Thoughtful post on anarchism and evolutionary theory. It's focused on Dmitri Orlov's three part series on anarchism, largely based on Kropotkin, a Russian prince who became a champion of of common people.
Kropotkin, a scientist, zoologist, and geographer, argued that mutual aid, rather than competition, is the most common feature of animal behavior and is essential for the survival and evolution of a species....
In Part II of his series, Orlov notes that Kropotkin "pointed out that the term 'survival of the fittest' has been misinterpreted to mean that animals compete against other animals of their own species, whereas that just happens to be the shortest path to extinction…"AlterNet
Is Anarchism an Idea Whose Time Has Come?
Katherine Acosta | Smirking Chimp
The central question in modern political and social theory is harmonizing and balancing the trifecta of individual liberty, egality, and community.
Contemporary Libertarianism focuses chiefly on personal liberty, however, the roots of social anarchism lay in a reaction to feudal government, just as classical economics was a reaction to the holdover of feudal economics in its opposition to governmental intervention and the imposition of economic rent, especially in the form of land enclosure and feudal conveyance of title.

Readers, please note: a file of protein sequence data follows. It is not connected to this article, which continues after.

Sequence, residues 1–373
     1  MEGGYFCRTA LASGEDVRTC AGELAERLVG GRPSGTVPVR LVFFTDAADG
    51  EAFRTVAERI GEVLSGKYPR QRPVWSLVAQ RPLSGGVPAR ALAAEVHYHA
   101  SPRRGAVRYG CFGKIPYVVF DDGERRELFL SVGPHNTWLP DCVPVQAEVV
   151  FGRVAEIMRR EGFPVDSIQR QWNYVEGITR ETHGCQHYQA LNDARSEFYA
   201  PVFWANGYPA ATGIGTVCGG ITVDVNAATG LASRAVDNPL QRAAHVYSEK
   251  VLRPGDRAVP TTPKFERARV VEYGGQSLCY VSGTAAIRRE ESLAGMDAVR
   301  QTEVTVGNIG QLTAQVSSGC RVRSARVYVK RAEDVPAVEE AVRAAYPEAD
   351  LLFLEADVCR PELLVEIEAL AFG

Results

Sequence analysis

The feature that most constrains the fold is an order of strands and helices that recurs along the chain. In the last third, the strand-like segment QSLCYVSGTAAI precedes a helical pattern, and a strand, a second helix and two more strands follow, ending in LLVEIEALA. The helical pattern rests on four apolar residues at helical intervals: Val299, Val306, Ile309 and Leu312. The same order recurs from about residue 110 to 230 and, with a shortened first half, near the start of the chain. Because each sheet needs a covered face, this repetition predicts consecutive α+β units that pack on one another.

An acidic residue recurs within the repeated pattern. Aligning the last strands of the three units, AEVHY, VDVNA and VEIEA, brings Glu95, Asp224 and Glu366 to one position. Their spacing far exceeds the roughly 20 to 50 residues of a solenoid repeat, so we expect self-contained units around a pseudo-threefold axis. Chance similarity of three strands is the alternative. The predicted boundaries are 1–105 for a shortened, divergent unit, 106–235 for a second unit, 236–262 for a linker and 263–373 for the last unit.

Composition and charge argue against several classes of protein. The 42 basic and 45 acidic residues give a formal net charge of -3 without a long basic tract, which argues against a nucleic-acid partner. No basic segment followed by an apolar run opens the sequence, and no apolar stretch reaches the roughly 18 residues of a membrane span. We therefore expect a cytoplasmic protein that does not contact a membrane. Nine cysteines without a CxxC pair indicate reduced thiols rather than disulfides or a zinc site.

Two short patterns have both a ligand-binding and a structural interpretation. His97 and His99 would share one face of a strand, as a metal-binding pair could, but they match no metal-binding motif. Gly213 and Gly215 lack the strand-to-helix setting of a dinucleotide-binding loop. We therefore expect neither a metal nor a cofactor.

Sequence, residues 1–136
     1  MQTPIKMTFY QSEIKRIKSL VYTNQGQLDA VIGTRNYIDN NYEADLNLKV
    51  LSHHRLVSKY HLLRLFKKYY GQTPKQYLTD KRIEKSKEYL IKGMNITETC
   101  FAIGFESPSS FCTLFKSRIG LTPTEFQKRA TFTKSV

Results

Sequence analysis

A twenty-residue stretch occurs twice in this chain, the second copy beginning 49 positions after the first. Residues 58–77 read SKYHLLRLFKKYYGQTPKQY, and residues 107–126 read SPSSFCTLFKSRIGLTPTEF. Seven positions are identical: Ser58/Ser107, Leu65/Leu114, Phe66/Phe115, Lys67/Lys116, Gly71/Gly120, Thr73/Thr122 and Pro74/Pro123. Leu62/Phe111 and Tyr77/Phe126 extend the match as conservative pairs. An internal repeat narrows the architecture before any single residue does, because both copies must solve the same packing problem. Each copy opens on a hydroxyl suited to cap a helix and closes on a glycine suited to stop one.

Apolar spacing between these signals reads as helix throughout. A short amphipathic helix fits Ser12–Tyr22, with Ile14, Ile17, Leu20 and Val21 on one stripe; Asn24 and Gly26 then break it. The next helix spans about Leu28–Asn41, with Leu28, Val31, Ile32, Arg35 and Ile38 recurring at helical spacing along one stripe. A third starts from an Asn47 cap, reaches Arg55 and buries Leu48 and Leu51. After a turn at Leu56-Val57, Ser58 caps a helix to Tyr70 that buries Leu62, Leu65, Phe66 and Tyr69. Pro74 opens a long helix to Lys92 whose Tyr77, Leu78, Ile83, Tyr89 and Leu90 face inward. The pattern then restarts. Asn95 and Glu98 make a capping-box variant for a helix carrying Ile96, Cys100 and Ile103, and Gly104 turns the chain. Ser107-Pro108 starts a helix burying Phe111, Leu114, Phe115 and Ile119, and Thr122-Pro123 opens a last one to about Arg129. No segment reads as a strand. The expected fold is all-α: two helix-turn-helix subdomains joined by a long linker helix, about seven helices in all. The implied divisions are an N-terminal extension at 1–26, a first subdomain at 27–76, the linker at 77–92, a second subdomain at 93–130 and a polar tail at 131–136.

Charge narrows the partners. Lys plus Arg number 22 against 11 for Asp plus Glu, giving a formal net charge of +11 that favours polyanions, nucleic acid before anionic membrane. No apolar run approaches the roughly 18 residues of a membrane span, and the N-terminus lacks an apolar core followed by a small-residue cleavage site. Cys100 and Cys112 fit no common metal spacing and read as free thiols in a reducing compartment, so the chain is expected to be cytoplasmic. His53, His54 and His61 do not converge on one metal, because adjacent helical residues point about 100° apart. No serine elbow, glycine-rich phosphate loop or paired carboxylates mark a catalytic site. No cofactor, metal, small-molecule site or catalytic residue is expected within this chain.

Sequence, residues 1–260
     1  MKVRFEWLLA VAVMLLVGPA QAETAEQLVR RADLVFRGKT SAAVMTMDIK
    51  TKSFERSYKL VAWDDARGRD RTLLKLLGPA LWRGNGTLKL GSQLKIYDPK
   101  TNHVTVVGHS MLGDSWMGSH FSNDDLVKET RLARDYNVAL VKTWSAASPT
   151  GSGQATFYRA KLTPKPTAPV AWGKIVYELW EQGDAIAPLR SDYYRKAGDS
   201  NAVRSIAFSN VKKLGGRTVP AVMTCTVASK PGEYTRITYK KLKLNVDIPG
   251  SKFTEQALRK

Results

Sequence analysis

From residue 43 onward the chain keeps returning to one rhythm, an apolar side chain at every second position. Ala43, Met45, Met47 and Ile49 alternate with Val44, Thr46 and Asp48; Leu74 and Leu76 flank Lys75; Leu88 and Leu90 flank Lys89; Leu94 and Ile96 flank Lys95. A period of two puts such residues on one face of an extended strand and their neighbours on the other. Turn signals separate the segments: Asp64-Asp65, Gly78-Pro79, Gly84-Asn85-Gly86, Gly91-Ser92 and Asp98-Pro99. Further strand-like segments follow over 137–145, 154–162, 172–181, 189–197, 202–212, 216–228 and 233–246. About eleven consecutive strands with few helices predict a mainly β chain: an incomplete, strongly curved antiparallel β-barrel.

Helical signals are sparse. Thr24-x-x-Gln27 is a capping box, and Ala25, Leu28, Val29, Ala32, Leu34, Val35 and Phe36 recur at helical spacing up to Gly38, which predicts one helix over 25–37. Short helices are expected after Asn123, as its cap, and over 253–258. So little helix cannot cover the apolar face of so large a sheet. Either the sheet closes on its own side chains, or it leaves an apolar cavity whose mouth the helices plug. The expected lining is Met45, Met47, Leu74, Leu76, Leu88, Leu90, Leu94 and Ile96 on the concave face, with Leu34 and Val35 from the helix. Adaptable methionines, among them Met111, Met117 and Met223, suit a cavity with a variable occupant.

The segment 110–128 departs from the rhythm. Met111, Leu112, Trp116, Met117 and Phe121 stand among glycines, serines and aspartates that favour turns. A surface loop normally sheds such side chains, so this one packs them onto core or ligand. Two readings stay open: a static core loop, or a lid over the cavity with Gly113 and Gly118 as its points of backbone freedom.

The thinkers of the Enlightenment confronted the social, political and economic institutions of the time and proposed reforms that would institution greater personal freedom, less hereditary privilege, greater equity in law, and enhance social solidarity. This project is far from complete in its manifestation.
The American and French revolutions were the 18th century outcome of this on the world stage, and the 19th and 20th centuries are the historical record of the extension of this "spirit of the age" to Europe and Russia, and finally China. By the close of the 20th century, most of the remnants of feudalism were eliminated or greatly reduced, although vestiges like constitutional monarchies remain as reminders in the West. This historical force is now extending its reach globally at the outset of the 21st century.
The dialectic now is between hierarchical authority, and the privilege it conveys, and decentralized governance that is as close to consensus as practical; between a double standard in law and justice and greater equity, equality before the law, and fairness; and between social organization that benefits elites and social organization that is "of the people, by the people, and for the people."